02/04/2022 - 11:00

With our Rejoicing Spirits style of worship, we are invariably seeking ways to encourage participation in liturgy with language of physical expression along with words. For this Lent and Easter (March and April in 2022), I can offer an opportunity for a worship experience that allows for lament and joy to be shared in a visible and meaningful expression.



Becky Elsbernd and Trinity Lutheran recently began Rejoicing Spirits. We asked Becky if she would be willing to put together a list of what they have learned over their year-plus experience of beginning Rejoicing Spirits. Here’s what she said:


“For it is God who is at work in you, enabling you both to will and to work for his good pleasure.” Philippians 2:13

“For we are God’s fellow workers, working together…” 1 Corinthians 3:9

What was God thinking? We are God’s Plan A, and there is no Plan B.

I love the story of the woman who moved into an inner-city metropolitan area. Next to her apartment building was an empty lot that had been abandoned for a long time. It was overrun with weeds, broken glass, and litter. It was an awful eyesore.


From Pastor John Gosswein

It was 20 years ago, the week of 9/11, that I was invited to lead a regular worship with the individuals I serve – persons challenged with a combined variety of physical and intellectual disabilities. The staff that accompanied the individuals felt we should ignore the news of the terrorist attacks: “The individuals needed to be shielded from these horrors. They wouldn’t understand, so we’re better to not bring it up.” One of them said, “We’re just turning off the news when anything comes up.”


New Hanover Evangelical Lutheran Church in Gilbertsville, Pennsylvania

From its Rejoicing Spirits Leadership Team:

“Rejoicing Spirits continues to lift the hearts of our Rejoicers and also our leaders during this pandemic. We continue to see that God is active in our lives through our Rejoicing Spirits community.

By Rev. Dr. Dave deFreese

Reverend Dave deFreese has been writing devotions for the Mosaic staff during the pandemic. We would like to share a recent devotion with you in hopes of bringing you encouragement.

“Finally, beloved, whatever is true, whatever is honorable, whatever is just, whatever is pure, whatever is pleasing, whatever is commendable, if there is any excellence and if there is anything worthy of praise, think about these things ... and the God of peace will be with you.” Philippians 4:8-9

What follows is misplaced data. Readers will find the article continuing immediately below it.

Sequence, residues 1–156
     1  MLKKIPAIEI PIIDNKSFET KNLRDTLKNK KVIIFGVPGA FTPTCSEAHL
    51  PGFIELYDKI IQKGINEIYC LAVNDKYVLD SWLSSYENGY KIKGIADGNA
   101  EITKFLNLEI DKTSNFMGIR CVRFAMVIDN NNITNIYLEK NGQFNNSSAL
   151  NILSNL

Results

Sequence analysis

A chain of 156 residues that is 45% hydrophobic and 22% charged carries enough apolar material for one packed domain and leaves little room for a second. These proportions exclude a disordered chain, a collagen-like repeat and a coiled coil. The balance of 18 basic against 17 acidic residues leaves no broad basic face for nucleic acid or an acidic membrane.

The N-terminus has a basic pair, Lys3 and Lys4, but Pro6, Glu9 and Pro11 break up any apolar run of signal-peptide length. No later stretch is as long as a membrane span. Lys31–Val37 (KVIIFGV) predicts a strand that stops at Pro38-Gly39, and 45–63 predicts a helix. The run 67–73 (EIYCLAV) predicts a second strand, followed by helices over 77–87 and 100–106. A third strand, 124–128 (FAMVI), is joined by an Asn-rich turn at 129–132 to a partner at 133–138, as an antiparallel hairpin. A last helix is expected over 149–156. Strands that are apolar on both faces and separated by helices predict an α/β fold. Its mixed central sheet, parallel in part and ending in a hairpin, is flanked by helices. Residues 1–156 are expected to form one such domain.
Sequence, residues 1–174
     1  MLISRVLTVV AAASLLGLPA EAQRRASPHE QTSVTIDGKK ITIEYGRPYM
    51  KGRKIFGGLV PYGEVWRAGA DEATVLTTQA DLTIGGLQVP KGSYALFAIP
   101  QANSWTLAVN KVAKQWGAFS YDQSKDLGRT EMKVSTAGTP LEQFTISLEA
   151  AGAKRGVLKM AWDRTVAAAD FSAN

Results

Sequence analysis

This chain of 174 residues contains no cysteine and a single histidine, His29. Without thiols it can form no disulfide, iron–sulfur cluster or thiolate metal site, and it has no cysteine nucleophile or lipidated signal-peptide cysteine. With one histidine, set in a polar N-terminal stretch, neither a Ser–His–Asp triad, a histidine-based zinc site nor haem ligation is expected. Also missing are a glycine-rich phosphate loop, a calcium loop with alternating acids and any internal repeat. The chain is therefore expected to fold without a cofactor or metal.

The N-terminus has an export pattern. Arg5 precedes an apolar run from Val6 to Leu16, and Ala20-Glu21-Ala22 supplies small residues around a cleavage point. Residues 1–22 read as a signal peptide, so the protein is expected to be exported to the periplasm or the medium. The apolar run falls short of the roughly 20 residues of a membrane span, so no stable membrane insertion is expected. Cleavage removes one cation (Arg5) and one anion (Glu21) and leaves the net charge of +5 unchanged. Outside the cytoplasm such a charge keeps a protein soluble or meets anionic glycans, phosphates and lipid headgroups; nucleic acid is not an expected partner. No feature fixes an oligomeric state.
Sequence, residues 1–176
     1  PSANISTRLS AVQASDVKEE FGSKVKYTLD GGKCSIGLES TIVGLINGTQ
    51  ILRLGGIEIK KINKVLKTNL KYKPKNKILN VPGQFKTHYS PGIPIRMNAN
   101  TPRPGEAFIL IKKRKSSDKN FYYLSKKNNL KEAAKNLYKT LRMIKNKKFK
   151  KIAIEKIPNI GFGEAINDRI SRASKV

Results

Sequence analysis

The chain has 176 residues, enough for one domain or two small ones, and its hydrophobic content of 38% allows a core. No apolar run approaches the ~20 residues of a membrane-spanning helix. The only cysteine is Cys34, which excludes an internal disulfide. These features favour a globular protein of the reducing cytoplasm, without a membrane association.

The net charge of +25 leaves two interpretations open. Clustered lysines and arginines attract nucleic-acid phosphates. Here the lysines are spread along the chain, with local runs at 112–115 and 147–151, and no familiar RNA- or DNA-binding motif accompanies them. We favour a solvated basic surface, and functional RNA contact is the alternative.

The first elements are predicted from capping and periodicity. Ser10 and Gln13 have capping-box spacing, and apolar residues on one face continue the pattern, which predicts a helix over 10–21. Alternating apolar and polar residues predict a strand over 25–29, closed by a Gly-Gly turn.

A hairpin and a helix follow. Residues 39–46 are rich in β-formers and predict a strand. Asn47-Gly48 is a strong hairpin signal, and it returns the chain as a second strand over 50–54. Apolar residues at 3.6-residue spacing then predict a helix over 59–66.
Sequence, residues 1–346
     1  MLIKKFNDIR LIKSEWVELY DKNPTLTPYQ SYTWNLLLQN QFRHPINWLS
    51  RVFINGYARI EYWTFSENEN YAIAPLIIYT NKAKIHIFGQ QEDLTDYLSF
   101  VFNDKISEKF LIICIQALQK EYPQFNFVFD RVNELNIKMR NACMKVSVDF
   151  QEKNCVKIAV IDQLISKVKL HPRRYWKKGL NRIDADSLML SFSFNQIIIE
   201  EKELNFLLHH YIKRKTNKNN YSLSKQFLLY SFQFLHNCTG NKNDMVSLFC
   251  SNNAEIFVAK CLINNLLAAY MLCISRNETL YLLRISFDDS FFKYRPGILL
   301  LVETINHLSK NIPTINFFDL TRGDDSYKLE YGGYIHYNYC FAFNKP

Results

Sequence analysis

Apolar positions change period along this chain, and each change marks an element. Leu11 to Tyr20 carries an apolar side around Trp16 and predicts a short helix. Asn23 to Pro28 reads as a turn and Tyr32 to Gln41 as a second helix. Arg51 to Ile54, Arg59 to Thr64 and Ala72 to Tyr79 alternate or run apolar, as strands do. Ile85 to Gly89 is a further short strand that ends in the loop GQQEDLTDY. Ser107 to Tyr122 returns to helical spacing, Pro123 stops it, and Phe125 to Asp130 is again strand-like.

Thank you for your ministry! We know these are unusual times and that many churches are still not gathering together for worship. We’d like to hear from you on what is working for you and your Rejoicing Spirits services during this pandemic.

Are you currently holding your services online or have you found another creative way to continue Rejoicing Spirits?

If you have developed worship guides or resources for an online service, would you be willing to share with others?

October is Clergy Appreciation Month and Mosaic’s theme is Thank you for lifting us up! Take the time to extend a thank you to your clergy for all they do for your congregation along with their support of Rejoicing Spirits. We invite you to say prayer for pastors today for Clergy Appreciation Sunday:

By Rev. Dr. Dave deFreese

As we begin a new year, let me offer an unusual blessing: “May God grant you the gift of holy discontent in the year ahead!”

Why in the world would anyone wish that, especially for someone they care for? Because it is a gift. To have holy discontent is to see need and to respond with hope. Holy discontent causes us to be fully alive to the struggles around us and to be motivated to make a change that is for the good. When we recognize injustice, God uses holy discontent to make the world we share better.


It is bittersweet to acknowledge that our partner, Rev. Dr. Jim Fruehling is stepping away from full-time service to Mosaic and Rejoicing Spirits. He has been instrumental in the work of Rejoicing Spirits since Mosaic took on the responsibility from Susan Crawford and St. Paul Lutheran Church in Exon, Pennsylvania.